On the upside your butt wont get cold even in winter 🙂

Suspension

For all intents and purposes: Perfection.
Kinda what you expect from KTM with WP Suspension Parts used. When I initially started riding offroad with the bike I was a bit concerned with bottoming it out due to the relatively short travel compared to the R but that was completely unneccesary.
From time to time it does bottom out but those are the kind of potholes that also the R would bottom out on.
Other than that I dont see how the setup could be better(especially given the Electronic adjustment). The preload settings work nicely(not like BMWs who assume a rider will weigh 85kg INCLUDING all gear) and the damping is just great. I noticed this especially in Iceland on the washboard surface in the Highlands. Even fully loaded the ride was still somewhat smooth.

One thing on my todo list is to replace the stock front and rear springs with ones from Hyperpro. Not that im unhappy with the current setup but considering I will be on the road for a year fully loaded it just makes sense to use springs that are made for higher loadouts to begin with.
If you just do your once a year trip with a couple of thousand km there really is no need for this.

Ergonomics

If theres one thing you should do if you buy one of these is to replace the stock seat with the powerparts one. It’s just that bad.
Personally I switch between the Single-part bench from the R and the Powerparts Comfort Seat. The R bench is worlds better for offroad riding as it’s much narrower in the front but ofc as a tradeoff offers no long distance comfort whatsoever.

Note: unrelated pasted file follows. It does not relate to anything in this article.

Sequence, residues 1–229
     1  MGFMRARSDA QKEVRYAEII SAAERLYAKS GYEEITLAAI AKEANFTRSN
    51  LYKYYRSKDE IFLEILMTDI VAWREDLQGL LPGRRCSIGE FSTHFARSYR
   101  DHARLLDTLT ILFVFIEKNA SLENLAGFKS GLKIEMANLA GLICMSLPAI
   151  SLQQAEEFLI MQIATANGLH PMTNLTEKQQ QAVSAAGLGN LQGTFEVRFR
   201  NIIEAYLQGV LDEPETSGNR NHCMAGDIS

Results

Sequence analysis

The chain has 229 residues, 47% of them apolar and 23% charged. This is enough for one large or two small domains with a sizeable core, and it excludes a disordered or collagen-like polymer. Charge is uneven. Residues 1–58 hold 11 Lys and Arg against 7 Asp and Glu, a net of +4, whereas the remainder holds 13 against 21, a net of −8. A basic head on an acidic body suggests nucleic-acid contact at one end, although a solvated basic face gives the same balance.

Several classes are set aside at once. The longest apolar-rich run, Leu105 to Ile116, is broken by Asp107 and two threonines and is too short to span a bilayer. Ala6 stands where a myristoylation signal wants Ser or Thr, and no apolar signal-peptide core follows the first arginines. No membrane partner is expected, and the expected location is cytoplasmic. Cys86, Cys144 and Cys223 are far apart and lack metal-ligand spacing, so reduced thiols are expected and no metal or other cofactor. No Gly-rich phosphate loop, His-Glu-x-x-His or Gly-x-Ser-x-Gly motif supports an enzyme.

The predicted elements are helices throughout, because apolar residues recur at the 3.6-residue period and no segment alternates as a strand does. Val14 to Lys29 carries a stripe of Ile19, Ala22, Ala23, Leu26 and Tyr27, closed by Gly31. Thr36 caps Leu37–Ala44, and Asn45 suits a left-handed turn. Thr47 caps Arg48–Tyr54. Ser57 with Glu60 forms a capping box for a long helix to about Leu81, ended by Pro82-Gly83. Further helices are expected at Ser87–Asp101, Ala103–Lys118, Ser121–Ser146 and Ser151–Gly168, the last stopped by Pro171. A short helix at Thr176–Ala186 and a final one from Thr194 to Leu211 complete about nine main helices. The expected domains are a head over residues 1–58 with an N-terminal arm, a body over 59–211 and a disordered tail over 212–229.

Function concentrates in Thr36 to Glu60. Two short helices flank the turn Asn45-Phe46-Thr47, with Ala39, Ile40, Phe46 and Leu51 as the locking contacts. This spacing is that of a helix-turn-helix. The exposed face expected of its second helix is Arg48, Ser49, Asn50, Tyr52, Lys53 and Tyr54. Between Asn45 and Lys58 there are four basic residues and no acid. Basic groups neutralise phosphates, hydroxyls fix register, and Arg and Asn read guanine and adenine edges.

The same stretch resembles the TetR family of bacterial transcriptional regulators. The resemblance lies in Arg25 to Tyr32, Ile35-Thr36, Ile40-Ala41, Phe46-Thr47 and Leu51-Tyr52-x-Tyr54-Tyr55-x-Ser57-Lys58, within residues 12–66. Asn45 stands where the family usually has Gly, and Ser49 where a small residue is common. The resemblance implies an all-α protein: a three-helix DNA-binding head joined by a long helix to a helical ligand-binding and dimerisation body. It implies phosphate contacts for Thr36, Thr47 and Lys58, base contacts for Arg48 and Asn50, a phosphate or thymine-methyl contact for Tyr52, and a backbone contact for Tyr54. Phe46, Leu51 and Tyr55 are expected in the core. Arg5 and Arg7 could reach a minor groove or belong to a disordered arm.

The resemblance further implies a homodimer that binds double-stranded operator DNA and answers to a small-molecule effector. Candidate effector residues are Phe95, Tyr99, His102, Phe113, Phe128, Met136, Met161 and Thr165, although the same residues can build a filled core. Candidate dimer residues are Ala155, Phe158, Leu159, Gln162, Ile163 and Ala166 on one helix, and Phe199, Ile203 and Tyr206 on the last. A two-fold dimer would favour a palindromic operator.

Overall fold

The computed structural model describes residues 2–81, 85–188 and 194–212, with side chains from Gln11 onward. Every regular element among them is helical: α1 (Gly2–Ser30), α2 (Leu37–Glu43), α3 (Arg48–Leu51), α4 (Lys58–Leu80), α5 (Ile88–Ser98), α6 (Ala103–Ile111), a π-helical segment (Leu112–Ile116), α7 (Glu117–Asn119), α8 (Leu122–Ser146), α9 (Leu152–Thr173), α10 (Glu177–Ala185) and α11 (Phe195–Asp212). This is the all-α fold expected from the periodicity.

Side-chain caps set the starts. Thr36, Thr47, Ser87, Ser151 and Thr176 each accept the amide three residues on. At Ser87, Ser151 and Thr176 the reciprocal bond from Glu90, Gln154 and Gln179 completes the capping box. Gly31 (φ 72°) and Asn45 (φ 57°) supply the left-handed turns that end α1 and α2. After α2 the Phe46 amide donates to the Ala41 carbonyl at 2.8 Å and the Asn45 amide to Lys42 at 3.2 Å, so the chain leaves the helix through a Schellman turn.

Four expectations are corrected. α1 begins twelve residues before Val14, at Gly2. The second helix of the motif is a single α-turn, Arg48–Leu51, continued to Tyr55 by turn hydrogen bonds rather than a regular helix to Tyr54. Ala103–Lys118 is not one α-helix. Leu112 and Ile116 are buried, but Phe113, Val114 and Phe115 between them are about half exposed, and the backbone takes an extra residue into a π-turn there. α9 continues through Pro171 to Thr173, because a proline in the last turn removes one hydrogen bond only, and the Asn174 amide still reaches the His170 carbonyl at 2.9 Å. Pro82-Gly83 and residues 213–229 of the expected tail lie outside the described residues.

The Powerparts seat on the other hand isnt that great for offroad as its very wind in the front and its kinda hard for me to hold on with my knees but the long distance comfort is great. Just spent 5500km riding it in 15 days time and not once did my butt(or lower back for that matter) hurt.
The handlebar position ofc is up to the riders size,etc. For me I added the Touratech Handlebar Risers to add 2,5cm, now it works perfectly, without those the bars are a tad too low to ride comfortably while standing up.

The windscreen…oh what a painful topic. This is the one I havent been able to fully work out yet. So far I havent been able to find one that doesnt have some amount of buffeting and noise.
What I’ve tried so far:

Stock S-Screen(very bad)
Stock R-Screen(okayish)
Super Adventure Screen(bad)
MRA Vario Touring Screen(very bad)
Touratech Screen large(very bad)
Stock S-Screen with MRA X-Creen(VERY bad)

This, sadly, is an issue I’ve had on all bikes so far and I never was able to solve it.
Right now the solution is the R-Screen and custom made earplugs so at least I wont go deaf.

Maintenance and Reliability

The bike has one fault that everyone hopefully knows about and that is the shitty airbox design.
To make a long story short, dirt can get behind the airfilter and get sucked into the engine, not a good thing.
They revised the design once from 2013 to 2014 and then again from 2014 to 2015. Neither does solve this fully. I run a Unifilter which also provides a foam seal for the airbox, something the stock box doesnt have. That solves the issue at the cost of around 90€ or so and the Filter only needs to be cleaned instead of replaced.

Chain, was a bit of a concern when I bought it but isnt much of an issue. I ran a Scottoiler for the first 20000km and the only time the chain got adjusted was during tires changes(every 8000km or so) and that was just fine. Since I did about 50% heavy offroad stuff this year I dismounted the Scottoiler. Lubing it every day when doing dirt is annoying but that’s just the chain. Still the wear is minimal and it barely needs any adjustment and theres plent to go after 35000km.

Oil, also, minimal, used a bit more during the first 10000km but right now im down to 100ml every 5000km or so…in dirt. When onroading you could probably cut that in half.

Tire-Wear…depends on the riding style 😀
I mostly run knobbies(TKC80, Scorpion Rally) or Semi-Knobbies(K60 Scout) and they last 8000km max. The TKC80 was done after 5500km, the Scorpion Rally after 3000km alltough one must say that the Scorpion is a very soft compound which is even sticky on Tarmac very much unlike the TKC80. With that being said, I think if you’re gentle on the Gas you could probably stretch a K60 Scout to 12000km at least.